Mouse models of human atherosclerosis has been shown to present atherosclerotic lesion progression after exposure to concentrated ambient particles, welding fumes and diesel exhaust particles 3,5,7.
In humans, epidemiological studies have shown that air pollution, as a stressor that interacts with the lungs, is a risk factor for cardiovascular diseases 14.
1 Miller, M. R. & Newby, D. E. Air pollution and cardiovascular disease: car sick. Cardiovasc Res 116, 279-294, doi:10.1093/cvr/cvz228 (2020).
2 Van Eeden, S., Leipsic, J., Paul Man, S. F. & Sin, D. D. The relationship between lung inflammation and cardiovascular disease. Am J Respir Crit Care Med 186, 11-16, doi:10.1164/rccm.201203-0455PP (2012).
3 Chen, L. C. & Nadziejko, C. Effects of subchronic exposures to concentrated ambient particles (CAPs) in mice. V. CAPs exacerbate aortic plaque development in hyperlipidemic mice. Inhal Toxicol 17, 217-224, doi:10.1080/08958370590912815 (2005).
4 Li, Z. et al. Cardiovascular effects of pulmonary exposure to single-wall carbon nanotubes. Environ Health Perspect 115, 377-382, doi:10.1289/ehp.9688 (2007).
5 Erdely, A. et al. Inhalation exposure of gas-metal arc stainless steel welding fume increased atherosclerotic lesions in apolipoprotein E knockout mice. Toxicol Lett 204, 12-16, doi:10.1016/j.toxlet.2011.03.030 (2011).
6 Mikkelsen, L. et al. Modest effect on plaque progression and vasodilatory function in atherosclerosis-prone mice exposed to nanosized TiO(2). Part Fibre Toxicol 8, 32, doi:10.1186/1743-8977-8-32 (2011).
7 Miller, M. R. et al. Diesel exhaust particulate increases the size and complexity of lesions in atherosclerotic mice. Part Fibre Toxicol 10, 61, doi:10.1186/1743-8977-10-61 (2013).
8 Christophersen, D. V. et al. Accelerated atherosclerosis caused by serum amyloid A response in lungs of ApoE(-/-) mice. FASEB J 35, e21307, doi:10.1096/fj.202002017R (2021).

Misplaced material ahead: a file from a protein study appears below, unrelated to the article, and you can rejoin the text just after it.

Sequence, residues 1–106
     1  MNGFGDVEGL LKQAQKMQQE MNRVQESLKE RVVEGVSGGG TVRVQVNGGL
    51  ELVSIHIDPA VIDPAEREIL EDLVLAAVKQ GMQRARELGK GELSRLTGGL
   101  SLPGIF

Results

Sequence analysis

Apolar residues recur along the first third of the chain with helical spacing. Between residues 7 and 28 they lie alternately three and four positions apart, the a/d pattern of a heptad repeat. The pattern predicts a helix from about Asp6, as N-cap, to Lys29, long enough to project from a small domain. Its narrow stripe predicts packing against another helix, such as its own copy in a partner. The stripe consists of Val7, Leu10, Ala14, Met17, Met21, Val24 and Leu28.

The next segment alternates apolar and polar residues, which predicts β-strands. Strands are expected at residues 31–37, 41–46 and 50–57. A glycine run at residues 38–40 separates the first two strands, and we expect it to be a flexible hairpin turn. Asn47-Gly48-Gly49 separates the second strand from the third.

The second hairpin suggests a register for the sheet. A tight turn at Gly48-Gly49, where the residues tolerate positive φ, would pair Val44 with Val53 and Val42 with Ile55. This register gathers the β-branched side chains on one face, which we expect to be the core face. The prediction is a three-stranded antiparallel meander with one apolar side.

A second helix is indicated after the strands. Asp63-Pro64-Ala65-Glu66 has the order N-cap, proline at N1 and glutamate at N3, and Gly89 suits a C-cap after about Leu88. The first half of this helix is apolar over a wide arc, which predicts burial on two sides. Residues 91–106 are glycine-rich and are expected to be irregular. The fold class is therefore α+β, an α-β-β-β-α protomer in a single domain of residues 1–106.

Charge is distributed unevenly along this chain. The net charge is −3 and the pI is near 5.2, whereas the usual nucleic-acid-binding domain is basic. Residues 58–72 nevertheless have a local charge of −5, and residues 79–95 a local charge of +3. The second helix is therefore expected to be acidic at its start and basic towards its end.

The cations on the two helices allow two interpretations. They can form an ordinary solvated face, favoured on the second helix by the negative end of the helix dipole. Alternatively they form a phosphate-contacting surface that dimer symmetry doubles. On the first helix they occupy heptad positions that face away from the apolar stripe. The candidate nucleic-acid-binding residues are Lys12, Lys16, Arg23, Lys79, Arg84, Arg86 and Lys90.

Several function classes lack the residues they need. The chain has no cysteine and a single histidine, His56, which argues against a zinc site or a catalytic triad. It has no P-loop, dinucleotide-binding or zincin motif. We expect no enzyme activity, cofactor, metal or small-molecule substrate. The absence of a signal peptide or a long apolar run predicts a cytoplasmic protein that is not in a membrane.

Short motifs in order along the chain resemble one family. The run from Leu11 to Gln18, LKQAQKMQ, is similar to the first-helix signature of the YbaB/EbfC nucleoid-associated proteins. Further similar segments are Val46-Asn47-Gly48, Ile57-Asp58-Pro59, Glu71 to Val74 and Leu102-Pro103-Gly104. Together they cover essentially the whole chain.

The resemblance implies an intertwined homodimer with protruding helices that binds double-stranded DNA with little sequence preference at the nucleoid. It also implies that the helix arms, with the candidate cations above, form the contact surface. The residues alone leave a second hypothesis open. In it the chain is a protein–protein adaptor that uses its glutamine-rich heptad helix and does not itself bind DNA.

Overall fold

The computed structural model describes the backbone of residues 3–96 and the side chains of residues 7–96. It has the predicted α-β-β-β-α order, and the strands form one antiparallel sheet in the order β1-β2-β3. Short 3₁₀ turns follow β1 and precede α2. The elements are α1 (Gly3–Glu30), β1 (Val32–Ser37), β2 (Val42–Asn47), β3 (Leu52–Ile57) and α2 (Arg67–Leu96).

9 Dockery, D. W. et al. An association between air pollution and mortality in six U.S. cities. N Engl J Med 329, 1753-1759, doi:10.1056/NEJM199312093292401 (1993).
10 Clancy, L., Goodman, P., Sinclair, H. & Dockery, D. W. Effect of air-pollution control on death rates in Dublin, Ireland: an intervention study. Lancet 360, 1210-1214, doi:10.1016/S0140-6736(02)11281-5 (2002).
11 Miller, K. A. et al. Long-term exposure to air pollution and incidence of cardiovascular events in women. N Engl J Med 356, 447-458, doi:10.1056/NEJMoa054409 (2007).
12 Beelen, R. et al. Long-term exposure to air pollution and cardiovascular mortality: an analysis of 22 European cohorts. Epidemiology 25, 368-378, doi:10.1097/EDE.0000000000000076 (2014).
13 Cesaroni, G. et al. Long term exposure to ambient air pollution and incidence of acute coronary events: prospective cohort study and meta-analysis in 11 European cohorts from the ESCAPE Project. BMJ 348, f7412, doi:10.1136/bmj.f7412 (2014).
14 Poulsen, A. H. et al. 'Source-specific' air pollution and risk of stroke in Denmark. Int J Epidemiol 52, 727-737, doi:10.1093/ije/dyad030 (2023).
15 Poulsen, A. H. et al. Source-Specific Air Pollution Including Ultrafine Particles and Risk of Myocardial Infarction: A Nationwide Cohort Study from Denmark. Environ Health Perspect 131, 57010, doi:10.1289/EHP10556 (2023).
16 Vaduganathan, M., Mensah, G. A., Turco, J. V., Fuster, V. & Roth, G. A. The Global Burden of Cardiovascular Diseases and Risk: A Compass for Future Health. J Am Coll Cardiol 80, 2361-2371, doi:10.1016/j.jacc.2022.11.005 (2022).